Tharrell
11-18-2007, 03:57 AM
Go to the Dexter axle website www.dexteraxle.com. They have tutorials on how to pack bearings. They also have hubs (E Z lube) that are machined so you never have to take the bearings out to pack them. I greased mine last week. It takes about 3/4 of a tube for each side but a lot easier than doing it by hand. It sorta looks like a bearing buddy but the grease goes in and forces the old grease out the front through the machined holes. You just pump until you see new grease, I use Shell Albida(red).
Here's a pdf on axle maintenence from Dexter.
By the way, consider having a small peice of steel welded to the trailing edge of your fenders. In a blowout, the tires will shred your fender from the back Check out my post about a spare. Tony

LushGreenLawn
11-18-2007, 11:30 AM
The newer bearing buddies let grease flow out of the front, around the grease zerk, so that you know when they are full, and that prevents you from blowing out the seal.

Really, if you blow out the seal, and you are not backing into a boat slip, and you grease the zerks regularly, you would be fine anyway, except in the event that you have a trailer with brakes, in which case the grease would get into the brakes and cause problems.

Looking Good Lawn Service
11-18-2007, 05:15 PM
For a trailer tires I think they are cheaply made especially the smaller sizes, I bought a new 2007 102x16 foot enclosed landscaper package horton hauler, $7000 trailer and it blows the factory powerking radial 205/75/15 easy. I went to the dealer several times, no warranty on $120 trailer tires?? with 99% tread left, all sidewall ruptures, I only carry two lesco 48" hydro walkbehinds and 3 trimmer and 3 blowers?? I finally put a good new passager tire, and have no more problems, so much for "heavy duty" trailer tires, crap!!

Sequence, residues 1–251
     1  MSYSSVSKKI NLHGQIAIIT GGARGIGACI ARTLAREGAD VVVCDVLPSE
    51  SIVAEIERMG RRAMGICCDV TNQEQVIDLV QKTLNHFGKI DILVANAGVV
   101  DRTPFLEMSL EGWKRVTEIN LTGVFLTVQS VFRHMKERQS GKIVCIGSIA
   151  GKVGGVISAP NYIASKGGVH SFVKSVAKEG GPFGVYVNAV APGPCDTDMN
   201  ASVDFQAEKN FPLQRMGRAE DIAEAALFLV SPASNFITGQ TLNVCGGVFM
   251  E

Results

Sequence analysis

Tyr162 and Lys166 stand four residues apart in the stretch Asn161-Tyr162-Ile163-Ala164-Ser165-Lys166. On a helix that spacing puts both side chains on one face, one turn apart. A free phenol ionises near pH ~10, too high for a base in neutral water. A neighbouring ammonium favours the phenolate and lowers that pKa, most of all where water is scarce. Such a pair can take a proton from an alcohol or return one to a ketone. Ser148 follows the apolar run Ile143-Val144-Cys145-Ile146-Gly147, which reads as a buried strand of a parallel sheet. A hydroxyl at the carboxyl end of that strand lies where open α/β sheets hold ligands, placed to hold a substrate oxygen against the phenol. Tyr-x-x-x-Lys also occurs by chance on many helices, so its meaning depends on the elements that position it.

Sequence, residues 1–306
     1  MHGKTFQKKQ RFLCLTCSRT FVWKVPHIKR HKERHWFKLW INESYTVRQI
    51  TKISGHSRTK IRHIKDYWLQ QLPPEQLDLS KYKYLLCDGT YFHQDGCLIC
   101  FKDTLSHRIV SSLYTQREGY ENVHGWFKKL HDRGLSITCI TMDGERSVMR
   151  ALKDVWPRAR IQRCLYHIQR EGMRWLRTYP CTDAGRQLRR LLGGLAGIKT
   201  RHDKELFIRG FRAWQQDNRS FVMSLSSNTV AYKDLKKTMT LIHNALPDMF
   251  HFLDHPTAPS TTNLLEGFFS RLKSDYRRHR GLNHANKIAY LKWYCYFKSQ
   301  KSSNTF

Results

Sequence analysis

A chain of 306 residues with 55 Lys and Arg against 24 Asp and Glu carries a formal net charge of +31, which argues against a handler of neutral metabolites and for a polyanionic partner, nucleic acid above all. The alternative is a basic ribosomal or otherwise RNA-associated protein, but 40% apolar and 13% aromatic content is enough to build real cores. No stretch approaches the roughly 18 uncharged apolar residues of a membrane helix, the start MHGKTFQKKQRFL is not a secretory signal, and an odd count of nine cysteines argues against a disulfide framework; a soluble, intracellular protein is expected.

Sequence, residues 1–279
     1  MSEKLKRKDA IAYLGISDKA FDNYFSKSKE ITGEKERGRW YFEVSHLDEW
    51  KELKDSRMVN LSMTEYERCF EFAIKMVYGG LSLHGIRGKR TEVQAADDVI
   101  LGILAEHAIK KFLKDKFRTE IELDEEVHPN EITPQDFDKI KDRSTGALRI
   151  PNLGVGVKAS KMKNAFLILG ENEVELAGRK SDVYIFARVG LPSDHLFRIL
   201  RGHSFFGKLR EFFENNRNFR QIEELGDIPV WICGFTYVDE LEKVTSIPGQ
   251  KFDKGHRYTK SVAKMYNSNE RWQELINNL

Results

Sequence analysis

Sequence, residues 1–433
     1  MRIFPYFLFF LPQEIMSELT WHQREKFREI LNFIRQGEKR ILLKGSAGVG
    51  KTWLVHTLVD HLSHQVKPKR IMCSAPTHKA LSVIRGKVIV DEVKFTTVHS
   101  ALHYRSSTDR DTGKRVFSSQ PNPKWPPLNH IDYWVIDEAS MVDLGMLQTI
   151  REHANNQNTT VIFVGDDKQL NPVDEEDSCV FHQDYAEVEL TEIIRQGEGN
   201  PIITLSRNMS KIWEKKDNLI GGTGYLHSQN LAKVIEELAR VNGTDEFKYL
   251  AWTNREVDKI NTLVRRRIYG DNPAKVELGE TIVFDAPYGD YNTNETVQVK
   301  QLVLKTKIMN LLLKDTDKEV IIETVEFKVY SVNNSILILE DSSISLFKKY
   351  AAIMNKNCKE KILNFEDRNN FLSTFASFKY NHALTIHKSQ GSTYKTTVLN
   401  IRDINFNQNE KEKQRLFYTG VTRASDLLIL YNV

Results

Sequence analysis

packey
11-18-2007, 06:15 PM
We have always run passenger car light truck tires on our trailers with the exception of our 20 ft 16000 lb trailer. I have only blown one tire this was do to dry rot. and yes the trailers have hauled way way more than 6000 lbs and more than just in town. I do not know about trailer tires having more belts in the sidewalls but will passenger car tires work on a trailer. the answer is yes

Breezmister
11-18-2007, 07:19 PM
The trailer will at most have 3 mowers on it at once, roughly 2500 lbs??? No mulch, no dirt.


General rule of thumb, WB at 500 lbs, Riders at 1000 to 1500 depending on the deck and if they have a Vac.
At 2500 lbs you are into a D range tire That should be a 8 ply side wall. The day will come when you will over load that trailer. You could go with a E range tire, 10 ply side wall. The side wall is what holds the tire up.
In the long run, you are better off getting a trailer tire, just find out what weight rated they are. D range I think start a 2400 lbs
I just put 4 new TowMax tire on for a guy here in the complex I work out of
225/78R 15 E. 320 bucks total. He carries a Bobcat skid steer on the trailer.
Be safe then sorry.
Oh yea, get the phone book out and call around, you might be able to get a better price

GravelyNut
11-18-2007, 08:40 PM
Go to the Dexter axle website www.dexteraxle.com. They have tutorials on how to pack bearings. They also have hubs (E Z lube) that are machined so you never have to take the bearings out to pack them. I greased mine last week. It takes about 3/4 of a tube for each side but a lot easier than doing it by hand. It sorta looks like a bearing buddy but the grease goes in and forces the old grease out the front through the machined holes. You just pump until you see new grease, I use Shell Albida(red).
Here's a pdf on axle maintenence from Dexter.
By the way, consider having a small peice of steel welded to the trailing edge of your fenders. In a blowout, the tires will shred your fender from the back Check out my post about a spare. Tony
The new trailer from D2E Trailers has that type of axles, but made by Quality Trailer Parts ( Div of Polar Corp. ). They call theirs Accu-Lube and also tell you how to do the maintenance at http://www.qtrailer.com/catalog/axles.pdf . With them it would be hard to overgrease the axles. And they installed a chunk of angle on the front and rear of the fenders from the factory.